Grant Hunnicutt called his first square dance two years ago at Commercial Taphouse. Twenty people showed up eager to dance to the Cary Street Ramblers.
“I did OK at calling,” he says about the art of calling out the signature move changes. But when he came downstairs to discuss future dates with then-owner James Talley, he says, things ground to a halt: “He said that it was cool and all, but he was worried about the ceiling. He said it was kind of bouncing while we were dancing.”
So began the River City Barn Dances, done Grand Ole Opry style — square dancing first followed by a bill of old-timey bands. A succession of venues followed. The events began at the Camel, outgrew the space and moved on to larger venues such as Hardywood Park Craft Brewery and Lewis Ginter Recreation Center on the North Side.
“One reason I wanted to start a dance was because that’s what this music is for,” says Hunnicutt, who’s also a musician. “Dancing is what old-time music was for. Bluegrass evolved out of it for performance.”
Conveniently, Richmond has a vibrant scene of old-time bands: the Campbell Family Band, Cary Street Ramblers, Hot Seats and the Beer Ticks, to name a few. So he rotated through them or permutations of them with every scheduled dance.
Hunnicutt credits the resurgence of interest in square dancing to Harold Hausenfluck, a Richmond fiddler who was celebrated with a big square dance at the YWCA a little more than three years ago. Hausenfluck’s band had played many of the square dances at Fox Elementary School and Lewis Ginter Recreation Center in the late ’70s.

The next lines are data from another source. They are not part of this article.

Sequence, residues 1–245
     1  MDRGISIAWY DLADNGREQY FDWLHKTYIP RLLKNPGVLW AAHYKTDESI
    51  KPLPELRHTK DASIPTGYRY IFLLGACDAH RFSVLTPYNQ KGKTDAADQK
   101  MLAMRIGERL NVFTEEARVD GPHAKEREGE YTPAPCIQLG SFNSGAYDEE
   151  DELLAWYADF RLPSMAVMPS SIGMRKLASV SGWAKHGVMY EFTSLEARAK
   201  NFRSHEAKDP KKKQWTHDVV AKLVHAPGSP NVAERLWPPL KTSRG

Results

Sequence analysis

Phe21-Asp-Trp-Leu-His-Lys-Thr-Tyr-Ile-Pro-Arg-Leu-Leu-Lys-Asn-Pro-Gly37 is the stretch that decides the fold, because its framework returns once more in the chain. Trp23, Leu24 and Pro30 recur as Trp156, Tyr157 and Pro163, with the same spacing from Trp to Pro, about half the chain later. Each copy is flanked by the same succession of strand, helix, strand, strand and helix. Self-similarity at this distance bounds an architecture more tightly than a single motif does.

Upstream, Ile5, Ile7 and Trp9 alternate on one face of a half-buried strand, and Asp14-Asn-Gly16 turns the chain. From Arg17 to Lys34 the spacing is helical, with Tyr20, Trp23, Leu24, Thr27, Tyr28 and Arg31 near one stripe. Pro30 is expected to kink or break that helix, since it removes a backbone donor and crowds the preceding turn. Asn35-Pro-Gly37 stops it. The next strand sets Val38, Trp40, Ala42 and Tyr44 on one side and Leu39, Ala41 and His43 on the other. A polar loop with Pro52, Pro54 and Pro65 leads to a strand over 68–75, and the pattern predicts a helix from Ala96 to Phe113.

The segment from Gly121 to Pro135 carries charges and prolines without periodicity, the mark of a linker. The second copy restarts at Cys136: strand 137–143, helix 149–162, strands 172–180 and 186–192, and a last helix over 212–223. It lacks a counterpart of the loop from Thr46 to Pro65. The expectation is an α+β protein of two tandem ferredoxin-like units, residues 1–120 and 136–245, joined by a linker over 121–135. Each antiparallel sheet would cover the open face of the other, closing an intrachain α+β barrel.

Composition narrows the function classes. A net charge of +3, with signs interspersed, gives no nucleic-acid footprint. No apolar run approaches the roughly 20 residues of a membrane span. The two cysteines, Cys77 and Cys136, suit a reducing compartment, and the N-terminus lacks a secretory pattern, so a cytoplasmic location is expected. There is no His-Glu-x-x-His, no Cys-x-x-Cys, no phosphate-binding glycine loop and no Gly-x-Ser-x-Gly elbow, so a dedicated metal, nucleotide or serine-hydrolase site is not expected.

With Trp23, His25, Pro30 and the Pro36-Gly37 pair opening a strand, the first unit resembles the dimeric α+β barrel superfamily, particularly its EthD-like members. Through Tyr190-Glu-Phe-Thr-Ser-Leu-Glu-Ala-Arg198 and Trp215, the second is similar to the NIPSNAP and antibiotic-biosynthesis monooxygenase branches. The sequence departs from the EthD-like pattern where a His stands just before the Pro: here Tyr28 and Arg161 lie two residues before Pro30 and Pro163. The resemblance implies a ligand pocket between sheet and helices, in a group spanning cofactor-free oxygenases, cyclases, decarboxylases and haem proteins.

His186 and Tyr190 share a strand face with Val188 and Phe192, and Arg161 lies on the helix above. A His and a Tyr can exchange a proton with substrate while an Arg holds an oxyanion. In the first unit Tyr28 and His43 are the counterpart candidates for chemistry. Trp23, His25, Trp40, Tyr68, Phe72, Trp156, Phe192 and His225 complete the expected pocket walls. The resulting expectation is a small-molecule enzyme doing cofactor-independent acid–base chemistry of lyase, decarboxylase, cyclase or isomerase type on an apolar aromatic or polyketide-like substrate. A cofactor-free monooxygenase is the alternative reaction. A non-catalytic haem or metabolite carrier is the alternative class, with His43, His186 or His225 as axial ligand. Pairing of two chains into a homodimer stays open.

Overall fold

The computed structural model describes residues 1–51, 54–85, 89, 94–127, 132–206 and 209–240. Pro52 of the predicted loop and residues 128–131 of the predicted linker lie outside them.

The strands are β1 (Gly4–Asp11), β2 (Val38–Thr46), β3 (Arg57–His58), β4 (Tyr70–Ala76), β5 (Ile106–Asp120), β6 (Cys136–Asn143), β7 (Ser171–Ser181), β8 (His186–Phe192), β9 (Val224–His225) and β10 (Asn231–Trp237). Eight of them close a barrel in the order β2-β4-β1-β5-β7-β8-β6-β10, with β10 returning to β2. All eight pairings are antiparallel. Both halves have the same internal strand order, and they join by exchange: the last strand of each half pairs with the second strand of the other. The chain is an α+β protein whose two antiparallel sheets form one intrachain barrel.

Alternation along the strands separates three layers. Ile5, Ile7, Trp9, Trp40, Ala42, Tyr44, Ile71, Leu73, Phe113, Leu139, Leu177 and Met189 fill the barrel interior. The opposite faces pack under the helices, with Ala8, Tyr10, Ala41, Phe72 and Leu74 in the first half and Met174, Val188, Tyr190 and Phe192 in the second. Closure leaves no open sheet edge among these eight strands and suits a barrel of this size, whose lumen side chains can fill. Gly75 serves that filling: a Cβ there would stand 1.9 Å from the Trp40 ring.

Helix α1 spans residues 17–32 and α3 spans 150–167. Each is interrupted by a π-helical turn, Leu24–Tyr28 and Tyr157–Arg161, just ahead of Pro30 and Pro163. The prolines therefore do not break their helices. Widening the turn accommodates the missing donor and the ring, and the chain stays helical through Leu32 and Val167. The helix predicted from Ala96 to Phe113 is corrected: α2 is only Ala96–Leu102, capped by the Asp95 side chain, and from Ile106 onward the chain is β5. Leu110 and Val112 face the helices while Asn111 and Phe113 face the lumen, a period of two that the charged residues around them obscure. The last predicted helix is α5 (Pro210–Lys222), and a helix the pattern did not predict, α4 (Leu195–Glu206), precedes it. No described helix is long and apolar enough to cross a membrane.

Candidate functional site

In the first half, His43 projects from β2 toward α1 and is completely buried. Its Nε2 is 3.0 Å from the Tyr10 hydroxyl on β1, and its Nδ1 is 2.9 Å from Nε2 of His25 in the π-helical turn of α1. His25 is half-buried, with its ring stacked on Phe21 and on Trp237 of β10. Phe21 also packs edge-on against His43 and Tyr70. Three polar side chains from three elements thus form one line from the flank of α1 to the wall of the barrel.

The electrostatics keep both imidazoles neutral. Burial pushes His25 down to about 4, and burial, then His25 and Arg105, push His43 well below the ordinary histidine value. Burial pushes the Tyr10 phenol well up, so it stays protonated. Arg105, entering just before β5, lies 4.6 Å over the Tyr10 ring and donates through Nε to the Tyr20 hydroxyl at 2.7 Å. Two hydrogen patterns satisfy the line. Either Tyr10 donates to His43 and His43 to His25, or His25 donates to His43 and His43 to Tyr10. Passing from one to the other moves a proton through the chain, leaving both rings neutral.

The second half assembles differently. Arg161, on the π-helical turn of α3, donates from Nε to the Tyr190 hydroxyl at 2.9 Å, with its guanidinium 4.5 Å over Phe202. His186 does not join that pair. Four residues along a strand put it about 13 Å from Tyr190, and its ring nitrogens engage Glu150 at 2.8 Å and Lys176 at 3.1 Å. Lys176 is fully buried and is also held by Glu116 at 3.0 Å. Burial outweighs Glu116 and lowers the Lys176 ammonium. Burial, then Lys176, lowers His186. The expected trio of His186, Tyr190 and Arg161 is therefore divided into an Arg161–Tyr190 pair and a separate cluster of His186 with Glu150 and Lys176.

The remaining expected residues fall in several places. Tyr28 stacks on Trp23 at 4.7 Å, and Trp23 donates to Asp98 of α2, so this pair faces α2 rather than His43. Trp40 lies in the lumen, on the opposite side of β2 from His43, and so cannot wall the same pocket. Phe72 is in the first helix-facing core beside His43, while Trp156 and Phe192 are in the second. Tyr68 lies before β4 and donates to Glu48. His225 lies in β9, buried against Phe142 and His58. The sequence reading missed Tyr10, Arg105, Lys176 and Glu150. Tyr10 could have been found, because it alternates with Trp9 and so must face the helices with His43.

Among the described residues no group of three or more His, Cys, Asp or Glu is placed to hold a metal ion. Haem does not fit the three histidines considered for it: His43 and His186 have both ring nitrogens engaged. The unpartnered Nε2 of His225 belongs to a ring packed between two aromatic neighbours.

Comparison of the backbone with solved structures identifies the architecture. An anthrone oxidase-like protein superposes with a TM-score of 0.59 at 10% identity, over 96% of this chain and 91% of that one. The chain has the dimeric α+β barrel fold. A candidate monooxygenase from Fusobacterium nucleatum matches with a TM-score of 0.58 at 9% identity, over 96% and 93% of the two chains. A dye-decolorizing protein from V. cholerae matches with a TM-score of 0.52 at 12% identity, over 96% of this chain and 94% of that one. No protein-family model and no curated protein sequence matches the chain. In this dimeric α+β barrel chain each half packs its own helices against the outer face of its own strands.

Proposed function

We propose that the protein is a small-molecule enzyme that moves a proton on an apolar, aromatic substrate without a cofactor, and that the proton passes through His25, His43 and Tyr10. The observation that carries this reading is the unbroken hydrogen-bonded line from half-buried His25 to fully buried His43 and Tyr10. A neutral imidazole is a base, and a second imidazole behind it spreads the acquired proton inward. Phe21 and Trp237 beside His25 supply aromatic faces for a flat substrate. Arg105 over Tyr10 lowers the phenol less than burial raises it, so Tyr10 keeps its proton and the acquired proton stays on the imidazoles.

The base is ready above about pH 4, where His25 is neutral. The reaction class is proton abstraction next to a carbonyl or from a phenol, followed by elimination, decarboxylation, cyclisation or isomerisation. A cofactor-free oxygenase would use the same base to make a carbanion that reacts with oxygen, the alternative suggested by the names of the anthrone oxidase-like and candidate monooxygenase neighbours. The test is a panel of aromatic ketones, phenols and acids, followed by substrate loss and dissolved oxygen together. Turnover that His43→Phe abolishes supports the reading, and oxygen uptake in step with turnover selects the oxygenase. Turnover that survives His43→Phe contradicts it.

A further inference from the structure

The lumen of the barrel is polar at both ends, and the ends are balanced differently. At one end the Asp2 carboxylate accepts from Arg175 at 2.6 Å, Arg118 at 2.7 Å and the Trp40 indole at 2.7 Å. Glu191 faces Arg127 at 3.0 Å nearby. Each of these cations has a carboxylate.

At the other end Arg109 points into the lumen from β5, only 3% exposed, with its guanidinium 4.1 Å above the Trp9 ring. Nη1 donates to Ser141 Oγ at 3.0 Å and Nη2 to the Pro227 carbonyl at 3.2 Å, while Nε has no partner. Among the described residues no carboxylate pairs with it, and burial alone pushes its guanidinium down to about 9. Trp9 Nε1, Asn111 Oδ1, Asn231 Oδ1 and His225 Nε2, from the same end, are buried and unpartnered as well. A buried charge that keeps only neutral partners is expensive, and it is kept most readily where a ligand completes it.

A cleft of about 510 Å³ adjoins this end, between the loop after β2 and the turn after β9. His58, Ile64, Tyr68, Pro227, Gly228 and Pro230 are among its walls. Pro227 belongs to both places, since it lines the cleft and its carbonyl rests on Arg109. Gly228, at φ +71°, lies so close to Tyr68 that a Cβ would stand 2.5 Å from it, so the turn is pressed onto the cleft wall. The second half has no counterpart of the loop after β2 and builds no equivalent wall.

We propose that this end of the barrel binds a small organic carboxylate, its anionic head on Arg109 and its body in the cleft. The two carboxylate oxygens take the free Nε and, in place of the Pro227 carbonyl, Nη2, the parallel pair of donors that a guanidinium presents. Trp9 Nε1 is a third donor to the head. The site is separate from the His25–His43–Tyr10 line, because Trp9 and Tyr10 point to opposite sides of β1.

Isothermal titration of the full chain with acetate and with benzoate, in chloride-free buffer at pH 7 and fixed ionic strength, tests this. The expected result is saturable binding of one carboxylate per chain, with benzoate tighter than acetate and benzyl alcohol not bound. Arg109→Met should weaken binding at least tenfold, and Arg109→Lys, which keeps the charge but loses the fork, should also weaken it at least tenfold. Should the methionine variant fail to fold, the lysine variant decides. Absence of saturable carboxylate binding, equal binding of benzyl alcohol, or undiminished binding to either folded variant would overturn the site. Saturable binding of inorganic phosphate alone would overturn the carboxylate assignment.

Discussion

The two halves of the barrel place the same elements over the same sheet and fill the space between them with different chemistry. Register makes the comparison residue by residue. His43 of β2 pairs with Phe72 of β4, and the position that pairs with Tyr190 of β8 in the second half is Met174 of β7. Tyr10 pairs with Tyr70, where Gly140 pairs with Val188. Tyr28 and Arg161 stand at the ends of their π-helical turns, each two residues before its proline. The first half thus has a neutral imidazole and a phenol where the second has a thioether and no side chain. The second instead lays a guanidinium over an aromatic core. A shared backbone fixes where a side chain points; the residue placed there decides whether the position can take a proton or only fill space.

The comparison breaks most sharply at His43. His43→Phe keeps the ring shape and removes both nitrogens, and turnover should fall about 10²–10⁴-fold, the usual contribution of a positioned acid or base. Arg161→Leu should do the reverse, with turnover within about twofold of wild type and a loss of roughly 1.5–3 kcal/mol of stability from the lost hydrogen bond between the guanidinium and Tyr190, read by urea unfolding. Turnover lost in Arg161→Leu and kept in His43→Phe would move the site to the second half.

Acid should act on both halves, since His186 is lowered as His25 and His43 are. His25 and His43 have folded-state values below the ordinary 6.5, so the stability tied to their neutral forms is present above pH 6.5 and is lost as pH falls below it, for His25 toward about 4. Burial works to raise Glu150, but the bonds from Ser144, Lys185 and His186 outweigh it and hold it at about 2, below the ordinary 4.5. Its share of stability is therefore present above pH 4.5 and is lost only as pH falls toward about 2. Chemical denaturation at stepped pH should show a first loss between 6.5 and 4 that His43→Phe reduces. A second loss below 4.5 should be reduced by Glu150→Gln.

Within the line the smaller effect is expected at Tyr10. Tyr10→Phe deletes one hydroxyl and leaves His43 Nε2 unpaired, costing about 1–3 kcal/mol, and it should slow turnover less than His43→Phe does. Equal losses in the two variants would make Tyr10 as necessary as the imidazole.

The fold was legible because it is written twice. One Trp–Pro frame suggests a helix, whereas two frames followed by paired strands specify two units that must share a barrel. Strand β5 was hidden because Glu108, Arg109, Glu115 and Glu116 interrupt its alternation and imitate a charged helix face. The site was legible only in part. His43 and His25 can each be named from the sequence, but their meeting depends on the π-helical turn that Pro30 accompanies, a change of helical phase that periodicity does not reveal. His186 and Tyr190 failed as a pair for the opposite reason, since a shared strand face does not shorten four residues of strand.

While newcomers may wonder about catching on, Hunnicutt insists that square dancing is anything but intimidating and easily taught during dances such as the Virginia Reel, Texas Star and Tennessee Mixer. There’s no lesson beforehand as with salsa dancing.
“It’s still such a young revival in Richmond that everyone’s still learning. None of our dances are difficult or even intermediate because the square dancing community isn’t that evolved yet,” he says. “Maybe by next year we might have some intermediate dances but right now it’s easy, but interesting. I try not to dumb it down like it’s kids dancing.”
So far, the dances have attracted about equal numbers of women and men, although he says he sometimes brings along neckties to hand out to women dancing men’s parts. At a recent dance at Hardywood, it was men who outnumbered women, several of them canvassing the crowd for partners.
“Ladies can dance with ladies, gents can dance with gents, whatever you need to do,” Hunnicutt calls from the stage, straw hat on his head and calling notes in hand.
He sees the appeal of River City Barn Dances as different crowds crossing paths.
“It’s physical — shaking hands, swinging your partner around. It’s an awesome thing you don’t get to experience much anymore,” he says. “The opposite of modern social media where you’re online stalking strangers.”
And if it sounds downright old-fashioned, that’s all right with him.
“You see two strangers get into a square together who never met before and they dance a whole dance,” he says, “they know each other by the end of that dance. I’m not single, but these dances are more of how I would want to meet somebody, not Tinder.”
River City Barn Dances will be held May 2 at Good Shepherd Episcopal Church with the Hot Seats; May 16 at Addison Vintage in a field across from Lamplighter Roasting Co., and June 20 at Lewis Ginter Recreation Center with Mark Campbell.